Concussions that lead to TBI can have permanent detrimental effects. Therapy can help.
By now you may have heard the news that former NFL Dallas Cowboys players are suing the NFL over concussions that lead to more serious traumatic brain injuries (TBIs). The suit has been filed because the players state that the NFL ignored the link between concussions and permanent brain injuries that have lead to dementia and other issues later on in life.
According to the article Ex-Cowboys sue over concussions on ESPN.com, the suit states, “The bottom line is that the NFL has put its profits ahead of the health and well-being of its players.” The NFL, in contrast, states that player safety has long been a priority and by no means did they ever mislead players, stating that the suit has no merit.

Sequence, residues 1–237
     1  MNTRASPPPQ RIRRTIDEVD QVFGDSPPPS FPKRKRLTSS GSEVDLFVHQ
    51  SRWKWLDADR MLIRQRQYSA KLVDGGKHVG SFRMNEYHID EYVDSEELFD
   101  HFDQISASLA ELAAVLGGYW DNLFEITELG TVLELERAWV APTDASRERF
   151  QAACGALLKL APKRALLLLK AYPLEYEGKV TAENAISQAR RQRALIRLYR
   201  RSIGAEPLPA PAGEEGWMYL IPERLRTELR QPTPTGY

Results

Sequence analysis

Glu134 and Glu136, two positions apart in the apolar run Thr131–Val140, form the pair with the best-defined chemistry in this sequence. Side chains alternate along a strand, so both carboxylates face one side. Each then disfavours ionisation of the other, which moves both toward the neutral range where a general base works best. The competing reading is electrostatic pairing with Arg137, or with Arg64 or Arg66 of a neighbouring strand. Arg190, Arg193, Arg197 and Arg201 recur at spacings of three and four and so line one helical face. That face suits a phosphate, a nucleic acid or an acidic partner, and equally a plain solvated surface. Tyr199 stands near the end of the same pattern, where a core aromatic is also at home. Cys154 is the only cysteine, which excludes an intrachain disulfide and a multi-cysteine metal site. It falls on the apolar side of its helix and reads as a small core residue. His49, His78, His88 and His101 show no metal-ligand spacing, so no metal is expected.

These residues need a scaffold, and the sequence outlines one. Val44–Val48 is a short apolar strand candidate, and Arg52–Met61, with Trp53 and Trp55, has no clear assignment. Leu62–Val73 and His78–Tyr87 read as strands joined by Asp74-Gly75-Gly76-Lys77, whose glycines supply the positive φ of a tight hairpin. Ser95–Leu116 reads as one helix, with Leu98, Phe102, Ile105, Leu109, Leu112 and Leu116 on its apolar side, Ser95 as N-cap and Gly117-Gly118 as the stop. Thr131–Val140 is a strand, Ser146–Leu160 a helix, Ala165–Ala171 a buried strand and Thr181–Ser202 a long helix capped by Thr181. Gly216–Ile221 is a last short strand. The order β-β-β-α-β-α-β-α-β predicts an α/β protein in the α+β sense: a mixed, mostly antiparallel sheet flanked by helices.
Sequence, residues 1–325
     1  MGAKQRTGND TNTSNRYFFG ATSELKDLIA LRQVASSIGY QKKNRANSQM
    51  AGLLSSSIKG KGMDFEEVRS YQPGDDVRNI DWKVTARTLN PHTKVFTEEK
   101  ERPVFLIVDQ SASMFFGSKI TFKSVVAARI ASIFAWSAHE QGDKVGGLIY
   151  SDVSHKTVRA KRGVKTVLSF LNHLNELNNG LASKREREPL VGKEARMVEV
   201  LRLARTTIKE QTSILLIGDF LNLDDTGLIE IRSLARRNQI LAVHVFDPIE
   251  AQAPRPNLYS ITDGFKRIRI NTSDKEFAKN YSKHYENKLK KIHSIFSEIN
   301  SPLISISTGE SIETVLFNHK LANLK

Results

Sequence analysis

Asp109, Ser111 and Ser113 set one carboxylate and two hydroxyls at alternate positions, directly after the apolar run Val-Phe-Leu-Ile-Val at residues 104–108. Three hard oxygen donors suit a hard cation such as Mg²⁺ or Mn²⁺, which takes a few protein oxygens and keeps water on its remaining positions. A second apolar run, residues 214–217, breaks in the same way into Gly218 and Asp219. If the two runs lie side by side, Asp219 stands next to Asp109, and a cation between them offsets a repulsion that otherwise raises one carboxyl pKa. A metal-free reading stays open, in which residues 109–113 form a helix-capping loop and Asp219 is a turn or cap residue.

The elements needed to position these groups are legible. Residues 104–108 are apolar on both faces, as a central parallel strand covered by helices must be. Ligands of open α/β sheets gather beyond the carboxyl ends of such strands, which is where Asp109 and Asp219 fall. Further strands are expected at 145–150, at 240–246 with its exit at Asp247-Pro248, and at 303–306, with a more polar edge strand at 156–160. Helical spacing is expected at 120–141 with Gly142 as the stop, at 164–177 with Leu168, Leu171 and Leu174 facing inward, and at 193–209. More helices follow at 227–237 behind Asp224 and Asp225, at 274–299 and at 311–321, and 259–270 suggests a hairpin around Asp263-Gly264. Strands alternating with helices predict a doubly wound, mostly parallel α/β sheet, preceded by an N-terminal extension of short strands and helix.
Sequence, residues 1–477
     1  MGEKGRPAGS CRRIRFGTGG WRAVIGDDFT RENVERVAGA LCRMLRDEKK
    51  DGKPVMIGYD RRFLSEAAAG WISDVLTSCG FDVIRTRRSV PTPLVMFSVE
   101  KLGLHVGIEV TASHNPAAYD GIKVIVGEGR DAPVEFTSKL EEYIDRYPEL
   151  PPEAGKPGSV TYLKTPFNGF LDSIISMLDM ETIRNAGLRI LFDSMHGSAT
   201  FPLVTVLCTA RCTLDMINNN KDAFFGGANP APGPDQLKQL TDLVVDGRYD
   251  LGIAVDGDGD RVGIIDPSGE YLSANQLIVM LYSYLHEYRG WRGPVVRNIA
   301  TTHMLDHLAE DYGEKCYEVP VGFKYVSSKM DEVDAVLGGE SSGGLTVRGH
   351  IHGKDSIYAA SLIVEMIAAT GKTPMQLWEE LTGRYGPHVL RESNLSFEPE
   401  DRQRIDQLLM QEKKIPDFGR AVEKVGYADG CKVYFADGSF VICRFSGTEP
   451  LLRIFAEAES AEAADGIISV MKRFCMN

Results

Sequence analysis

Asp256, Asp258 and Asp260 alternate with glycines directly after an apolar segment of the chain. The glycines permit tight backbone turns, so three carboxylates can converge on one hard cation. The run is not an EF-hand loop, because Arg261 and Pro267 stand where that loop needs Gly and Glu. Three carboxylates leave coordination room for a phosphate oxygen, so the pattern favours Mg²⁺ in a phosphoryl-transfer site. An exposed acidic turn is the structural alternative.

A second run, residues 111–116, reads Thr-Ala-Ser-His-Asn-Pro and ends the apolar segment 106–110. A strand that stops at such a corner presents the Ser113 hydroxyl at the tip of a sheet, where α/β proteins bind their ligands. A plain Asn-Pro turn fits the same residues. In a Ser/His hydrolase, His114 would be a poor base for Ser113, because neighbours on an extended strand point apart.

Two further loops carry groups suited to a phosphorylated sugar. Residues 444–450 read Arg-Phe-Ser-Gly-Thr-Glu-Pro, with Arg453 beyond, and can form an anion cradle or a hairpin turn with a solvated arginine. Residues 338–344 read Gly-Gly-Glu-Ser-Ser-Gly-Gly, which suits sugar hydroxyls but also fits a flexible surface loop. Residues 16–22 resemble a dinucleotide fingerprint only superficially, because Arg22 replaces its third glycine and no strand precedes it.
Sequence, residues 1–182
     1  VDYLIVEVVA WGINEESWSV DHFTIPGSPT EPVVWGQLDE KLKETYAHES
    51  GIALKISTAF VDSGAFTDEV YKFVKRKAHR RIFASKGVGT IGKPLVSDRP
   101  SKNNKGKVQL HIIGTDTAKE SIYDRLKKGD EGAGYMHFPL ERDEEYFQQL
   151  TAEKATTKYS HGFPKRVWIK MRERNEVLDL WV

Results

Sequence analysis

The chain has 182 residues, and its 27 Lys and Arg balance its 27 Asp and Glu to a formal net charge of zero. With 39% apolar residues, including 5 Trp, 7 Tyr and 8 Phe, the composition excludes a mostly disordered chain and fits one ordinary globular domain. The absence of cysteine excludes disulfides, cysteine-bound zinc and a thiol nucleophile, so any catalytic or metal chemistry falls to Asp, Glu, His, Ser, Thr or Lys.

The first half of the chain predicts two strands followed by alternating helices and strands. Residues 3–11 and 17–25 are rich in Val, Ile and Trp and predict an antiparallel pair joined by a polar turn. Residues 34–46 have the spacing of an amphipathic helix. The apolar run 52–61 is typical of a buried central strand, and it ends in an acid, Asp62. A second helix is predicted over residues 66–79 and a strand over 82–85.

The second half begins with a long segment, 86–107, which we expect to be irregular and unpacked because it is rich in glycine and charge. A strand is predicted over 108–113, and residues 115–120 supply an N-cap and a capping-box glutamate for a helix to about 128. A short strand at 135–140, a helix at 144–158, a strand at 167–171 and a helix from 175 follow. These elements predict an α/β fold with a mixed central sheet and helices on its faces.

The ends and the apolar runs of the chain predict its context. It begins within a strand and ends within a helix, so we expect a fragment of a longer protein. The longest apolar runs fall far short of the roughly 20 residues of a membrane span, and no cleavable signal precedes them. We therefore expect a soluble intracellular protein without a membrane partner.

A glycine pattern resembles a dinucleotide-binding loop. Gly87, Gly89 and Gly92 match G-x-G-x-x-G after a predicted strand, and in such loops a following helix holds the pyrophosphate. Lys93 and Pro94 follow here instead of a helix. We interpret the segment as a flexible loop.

How the suit is settled is going to be up to the courts, however we as physical and occupational therapists as well as athletic trainers know how serious concussions really are. There is no such thing as a “minor” concussion. TBI, or Traumatic Brain Injury can lead to cognitive, emotional, behavioral and physical impairments that can be permanent.
It is our job to get the message out to all athletes young and old about the potential dangers of concussion, the proper way to handle one once they occur and when to recommend when an athlete can return to the field.
Learn more about post concussion syndrome and literature based guidelines for re-entry to sports and daily activity from TBI expert Leslie Davidson.
ERI offers her course: Traumatic Brain Injury: Maximizing Functional Outcomes
March 22-23, 2013 – Fairfax, VA
April 5-6, 2013 – White Plains, NY
- How do you get the message out to your community about the potential dangers of concussions?
- Is your community open to receiving input from you, the therapist? We recognize that there are regional differences and would like to hear your experience in this arena.